Little Baby Og

07/12/13 10:16:16

Jul12

R Pesach Siegel

Parshas Devarim

 The sefer of Devarim is called Mishnah Torah, a repetition of the Torah. It is a summation of what was stated previously in the other books of the Torah.

 In Parshas Devarim, the account of the war between K’lal Yisroel and Og, king of Bashan, is revisited. The Torah finds it necessary to relay the size, material, and location of Og’s infant crib.[1] It was fashioned from iron, was nine amos in length and four amos in width, and was located among the people of Amon.

 Targum Unkelos comments that the amos mentioned are not the standard ones. They are the amos of a king.

 Moshe Rabeinu was afraid. He was afraid of Og. Og had a special merit. It was Og who informed Avrohom Avenu of the capture of his nephew Lot at the hands of the four kings.[2] He had an ulterior motive in doing so. He coveted Avrohom Avenu’s wife, Sarah. He hoped that Avrohom would perish in battle, allowing him to marry Sarah.

 Our sages record five occasions in the desert when the sun ceased its passage across the sky. The final occasion was during the battle between Moshe Rabeinu and Og.[3]

 The Medrash Tehillim says that Og and Sichon were more formidable than Pharaoh and his army. It would have been fitting for Klal Yisroel to praise Hashem with shira as they did when delivered from the hands of Mitzrayim.

 Why didn't they?

 The medrash answers, because Dovid Hamelech said shira in their place, as it says in Tehillim, "Ul'Og melech haBashan ki li'olam chasdo".[4]

  Questions

 What is the purpose of the repetition contained in Sefer Devarim?

 Of what importance is it to know the particulars of Og’s crib?

 Why would Moshe Rabeinu fear Og’s intended act of murder and thievery?

 The Bnei Yisroel were the ones saved from the hands of Og. Why is it that Dovid HaMelech is the one to sings the praises of Hashem?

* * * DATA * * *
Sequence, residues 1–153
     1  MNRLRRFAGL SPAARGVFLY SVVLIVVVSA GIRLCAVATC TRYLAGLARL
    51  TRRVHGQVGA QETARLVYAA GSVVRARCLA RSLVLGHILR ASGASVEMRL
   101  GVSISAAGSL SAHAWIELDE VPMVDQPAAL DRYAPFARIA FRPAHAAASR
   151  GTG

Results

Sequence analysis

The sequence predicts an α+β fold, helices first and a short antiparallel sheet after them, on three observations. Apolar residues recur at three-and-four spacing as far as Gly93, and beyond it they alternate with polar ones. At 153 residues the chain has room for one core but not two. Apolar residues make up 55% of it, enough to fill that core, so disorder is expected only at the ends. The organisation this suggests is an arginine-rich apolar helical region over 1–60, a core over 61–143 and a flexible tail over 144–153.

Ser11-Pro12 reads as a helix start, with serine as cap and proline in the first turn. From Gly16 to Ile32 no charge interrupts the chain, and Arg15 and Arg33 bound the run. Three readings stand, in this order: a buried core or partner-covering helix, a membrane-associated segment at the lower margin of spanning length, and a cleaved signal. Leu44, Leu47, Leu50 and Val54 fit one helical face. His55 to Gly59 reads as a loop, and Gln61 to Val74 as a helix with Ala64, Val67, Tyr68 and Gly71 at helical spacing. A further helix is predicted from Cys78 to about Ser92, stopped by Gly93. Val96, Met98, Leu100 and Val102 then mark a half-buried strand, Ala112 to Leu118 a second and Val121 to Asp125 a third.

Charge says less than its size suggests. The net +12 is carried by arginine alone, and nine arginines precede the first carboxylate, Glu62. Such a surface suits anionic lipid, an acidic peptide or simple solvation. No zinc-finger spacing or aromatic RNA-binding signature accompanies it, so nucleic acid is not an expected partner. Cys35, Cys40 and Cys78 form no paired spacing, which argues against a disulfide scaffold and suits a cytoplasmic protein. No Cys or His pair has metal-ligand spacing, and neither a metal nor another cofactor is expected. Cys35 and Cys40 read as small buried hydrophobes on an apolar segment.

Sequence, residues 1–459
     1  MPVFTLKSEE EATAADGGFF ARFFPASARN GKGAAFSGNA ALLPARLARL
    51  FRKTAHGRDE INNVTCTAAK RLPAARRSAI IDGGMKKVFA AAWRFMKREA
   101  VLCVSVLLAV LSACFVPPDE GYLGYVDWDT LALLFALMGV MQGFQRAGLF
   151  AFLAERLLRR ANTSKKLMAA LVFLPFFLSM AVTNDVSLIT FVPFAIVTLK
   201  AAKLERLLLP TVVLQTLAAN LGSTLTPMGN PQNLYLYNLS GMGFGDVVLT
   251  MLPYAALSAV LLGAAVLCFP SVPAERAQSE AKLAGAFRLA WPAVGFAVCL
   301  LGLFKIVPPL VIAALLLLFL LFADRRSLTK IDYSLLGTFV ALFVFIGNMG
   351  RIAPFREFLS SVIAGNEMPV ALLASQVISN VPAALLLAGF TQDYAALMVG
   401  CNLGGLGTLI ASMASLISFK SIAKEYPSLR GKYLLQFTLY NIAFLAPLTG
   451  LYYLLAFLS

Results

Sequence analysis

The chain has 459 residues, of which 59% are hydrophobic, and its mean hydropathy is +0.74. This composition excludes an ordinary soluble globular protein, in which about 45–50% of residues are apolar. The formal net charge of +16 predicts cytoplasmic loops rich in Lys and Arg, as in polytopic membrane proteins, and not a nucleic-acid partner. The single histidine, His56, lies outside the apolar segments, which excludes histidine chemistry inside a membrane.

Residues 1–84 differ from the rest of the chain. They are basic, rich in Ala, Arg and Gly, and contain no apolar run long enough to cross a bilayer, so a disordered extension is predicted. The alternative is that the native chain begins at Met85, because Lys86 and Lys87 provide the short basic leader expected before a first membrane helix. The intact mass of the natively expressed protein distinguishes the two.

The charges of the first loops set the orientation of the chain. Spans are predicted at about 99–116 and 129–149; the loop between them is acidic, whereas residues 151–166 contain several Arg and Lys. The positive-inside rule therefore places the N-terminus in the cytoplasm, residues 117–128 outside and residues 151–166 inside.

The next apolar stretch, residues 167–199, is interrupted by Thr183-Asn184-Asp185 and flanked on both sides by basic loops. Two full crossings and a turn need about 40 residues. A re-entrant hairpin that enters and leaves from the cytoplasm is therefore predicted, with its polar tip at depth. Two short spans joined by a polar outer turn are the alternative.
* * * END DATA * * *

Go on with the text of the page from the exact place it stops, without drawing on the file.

Analysis

 Og is referred to as hapalit, the escapee.[5] He escaped from the flood.[6] He escaped from the war of the four kings against the five kings,[7] and he emerged unscathed from the war waged by the Amoni nation against his people.[8] 

 What was the secret of his longevity? The Torah tells us that he was a giant. The Maharal says that Og’s immense physical dimensions are the only ones ever described in the Torah.[9]

 Who was Og? Rabeinu Bachaye relates that he was the sole descendant of Kayin.[10] All of Kayin's descendants perished in the mabul. There was but one survivor.

 Adam Harishon was great in body and in soul. His task was to unite the two, so that they would act in harmony with one another. The true role of the body is to serve the soul.

 Adam left two "legacies", the legacies of Kayin and Hevel. Kayin embodied  Adam HaRishon in all physical matters. He was a gadol, in stature as well as in longevity. He was a survivor.

 This is the secret of his physical survival throughout the ages. Someone who is truly a gadol doesn't die.

 Hevel was a gadol of the spirit. Hevel was killed by Kayin, and Shes was born to take Hevel's place.

 Og's motive for involving Avrohom Avenu in the war was not because he was attracted to Sarah’s physical beauty.

 He sought to replace Avrohom Aveinu.

 It was a stage in the ongoing rivalry between Kayin and Hevel.

 Avrohom Avenu was the king of the known world.[11] Og sought to replace Avrohom's gadlus of the spirit with his own gadlus of the physical realm. If Og were to be king, the world would have an entirely different direction and purpose. It would be a world where the entire malchus is directed towards the physical, and the soul would serve the body.